It is not frequent to read, in the social sciences, expressions such as “The Meanings of Bandung” and “Sensing Bandung,” as this excellent volume unapologetically does. The Bandung Conference is the equivalent to the French Revolution for the history of Europe. Bandung was a signpost and will remains so for the growing presence in the planetary scene of people, states and regions, shattered by the consolidation of Eurocentrism to which the French Revolution contributed so much.
Sixty years ago, the Bandung Conference seemed to open up the possibility of a new world of racial equality and global justice. But as this valuable collection makes clear, the event also had even more far-reaching aspirations. Bandung offered a revolutionary decolonial revisioning of the affective sensibilities, dominant temporalities, and official corporealities of the planetary body politic. It is a vision we urgently need to recover.
This pioneering volume retrieves Bandung’s entangled histories. By combining work on the intimate solidarities that sustained the conference along with chapters on the importance of Bandung for narrating conspicuously global histories, Meanings of Bandung represents a major advance. The book will be of significant interest to those working on colonial and post-colonial histories, the politics of development, and the terrain of ‘lived’ international relations.
Robbie Shilliam and Quynh N. Pham place the lens on an iconic moment for the postcolonial world in global politics. Invaluable for both research and teaching, this collection of essays reveals the layers of meaning contained in this moment, as well as the paradoxes and tensions faced by those who sought to recreate the international beyond the legacies of the colonial era.
Meanings of Bandung is an outstanding collection of essays that, from a variety of vantage points, engage anti-colonial sensing of that world-shaping event in 1955, as well as its decolonizing legacies. The collection provides a brilliantly illuminating window into a diversity of international relations and world orders. It is a must read for all who seek to think international relations otherwise than as an American social science--and even more importantly for those who do not.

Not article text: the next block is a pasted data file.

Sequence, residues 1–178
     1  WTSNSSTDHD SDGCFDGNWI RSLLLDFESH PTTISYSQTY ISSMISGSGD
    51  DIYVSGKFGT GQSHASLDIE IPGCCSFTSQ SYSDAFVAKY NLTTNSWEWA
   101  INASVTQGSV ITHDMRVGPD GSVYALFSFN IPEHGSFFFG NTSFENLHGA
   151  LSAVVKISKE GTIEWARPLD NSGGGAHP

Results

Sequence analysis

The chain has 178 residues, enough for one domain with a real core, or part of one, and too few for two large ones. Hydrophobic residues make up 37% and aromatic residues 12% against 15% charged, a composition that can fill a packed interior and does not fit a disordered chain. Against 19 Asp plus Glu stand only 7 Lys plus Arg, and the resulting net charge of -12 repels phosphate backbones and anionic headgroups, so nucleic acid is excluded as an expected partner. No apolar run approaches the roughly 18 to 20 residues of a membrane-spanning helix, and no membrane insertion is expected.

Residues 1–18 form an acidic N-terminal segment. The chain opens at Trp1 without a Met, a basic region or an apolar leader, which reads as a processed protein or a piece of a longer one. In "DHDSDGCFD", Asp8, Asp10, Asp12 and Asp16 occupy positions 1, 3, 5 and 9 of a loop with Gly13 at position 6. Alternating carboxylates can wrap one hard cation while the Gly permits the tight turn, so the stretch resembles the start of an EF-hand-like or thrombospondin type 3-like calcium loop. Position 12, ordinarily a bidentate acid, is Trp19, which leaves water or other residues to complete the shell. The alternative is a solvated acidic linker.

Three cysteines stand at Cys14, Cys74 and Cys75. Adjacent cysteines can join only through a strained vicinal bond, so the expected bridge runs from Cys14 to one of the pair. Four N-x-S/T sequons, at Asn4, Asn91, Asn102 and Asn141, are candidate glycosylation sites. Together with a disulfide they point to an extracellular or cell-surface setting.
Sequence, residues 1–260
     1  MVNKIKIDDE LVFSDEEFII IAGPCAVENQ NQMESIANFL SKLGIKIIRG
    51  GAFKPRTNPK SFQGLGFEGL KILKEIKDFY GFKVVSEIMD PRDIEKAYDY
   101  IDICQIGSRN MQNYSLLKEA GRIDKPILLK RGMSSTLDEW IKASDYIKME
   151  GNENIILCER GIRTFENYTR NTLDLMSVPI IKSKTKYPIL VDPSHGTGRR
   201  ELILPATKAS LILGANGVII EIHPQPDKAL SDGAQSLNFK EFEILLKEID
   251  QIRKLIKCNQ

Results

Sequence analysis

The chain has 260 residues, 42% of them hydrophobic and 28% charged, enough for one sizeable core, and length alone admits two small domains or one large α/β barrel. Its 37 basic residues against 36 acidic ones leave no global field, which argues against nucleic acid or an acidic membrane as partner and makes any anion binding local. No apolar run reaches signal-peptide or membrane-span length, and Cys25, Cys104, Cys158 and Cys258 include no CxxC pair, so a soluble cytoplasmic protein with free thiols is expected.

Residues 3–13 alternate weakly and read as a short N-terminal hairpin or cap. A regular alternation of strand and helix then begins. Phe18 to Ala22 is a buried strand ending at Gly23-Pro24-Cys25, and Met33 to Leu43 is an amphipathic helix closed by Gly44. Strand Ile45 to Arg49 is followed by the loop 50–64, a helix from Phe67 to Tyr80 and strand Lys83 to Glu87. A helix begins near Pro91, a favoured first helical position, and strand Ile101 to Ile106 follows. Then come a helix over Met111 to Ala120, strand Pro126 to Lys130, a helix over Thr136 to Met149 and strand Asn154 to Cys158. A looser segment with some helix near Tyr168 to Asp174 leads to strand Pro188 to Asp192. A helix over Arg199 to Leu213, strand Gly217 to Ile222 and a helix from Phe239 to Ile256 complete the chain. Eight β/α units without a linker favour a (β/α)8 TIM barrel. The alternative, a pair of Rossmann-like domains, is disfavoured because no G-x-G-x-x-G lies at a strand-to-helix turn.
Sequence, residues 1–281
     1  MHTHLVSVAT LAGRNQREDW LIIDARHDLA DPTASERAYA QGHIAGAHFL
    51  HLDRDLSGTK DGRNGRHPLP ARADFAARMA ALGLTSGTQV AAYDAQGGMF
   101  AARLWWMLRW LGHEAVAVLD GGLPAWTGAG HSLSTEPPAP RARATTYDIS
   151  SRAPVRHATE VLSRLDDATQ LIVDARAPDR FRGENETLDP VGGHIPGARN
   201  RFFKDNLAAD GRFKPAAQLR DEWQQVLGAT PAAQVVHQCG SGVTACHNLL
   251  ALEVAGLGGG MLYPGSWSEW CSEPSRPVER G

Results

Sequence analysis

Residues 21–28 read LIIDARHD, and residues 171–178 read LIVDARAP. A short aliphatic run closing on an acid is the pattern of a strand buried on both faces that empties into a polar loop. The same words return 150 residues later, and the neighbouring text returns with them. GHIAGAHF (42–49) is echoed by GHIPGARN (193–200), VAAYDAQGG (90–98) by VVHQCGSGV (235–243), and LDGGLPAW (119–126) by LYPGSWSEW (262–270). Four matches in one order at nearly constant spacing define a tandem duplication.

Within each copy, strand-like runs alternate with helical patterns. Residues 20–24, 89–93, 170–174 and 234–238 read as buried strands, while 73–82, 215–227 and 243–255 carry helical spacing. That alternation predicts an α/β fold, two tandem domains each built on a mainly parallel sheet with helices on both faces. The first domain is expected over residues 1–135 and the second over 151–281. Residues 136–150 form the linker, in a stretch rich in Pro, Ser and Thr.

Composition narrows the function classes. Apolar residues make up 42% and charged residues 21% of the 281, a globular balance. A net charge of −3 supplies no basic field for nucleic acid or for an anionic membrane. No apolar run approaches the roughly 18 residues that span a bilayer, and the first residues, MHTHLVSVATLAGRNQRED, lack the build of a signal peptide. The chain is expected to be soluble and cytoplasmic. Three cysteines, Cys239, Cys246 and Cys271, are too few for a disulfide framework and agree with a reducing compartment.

Meanings of Bandung takes up one of the most significant and undervalued moments in the history of international relations when anti-colonial politics intersected with decolonial visions to produce some of the most inspired possibilities for a truly global politics. A formidable collection of critical and postcolonial International Relations scholars examines the multivalent politics, aesthetics, and ethics that emerged from the 1955 Bandung Conference when leaders of newly independent African and Asian states dared to imagine an alternative global order in which global peace, social justice, and human dignity were more than just rhetorical masks for the exercise of realpolitik. Readers will come away both inspired and humbled by the sharp analyses and profound lessons that Bandung continues to provide us for crafting more just and plural worlds in our contemporary times. This volume should be a must-read for all students of International Relations.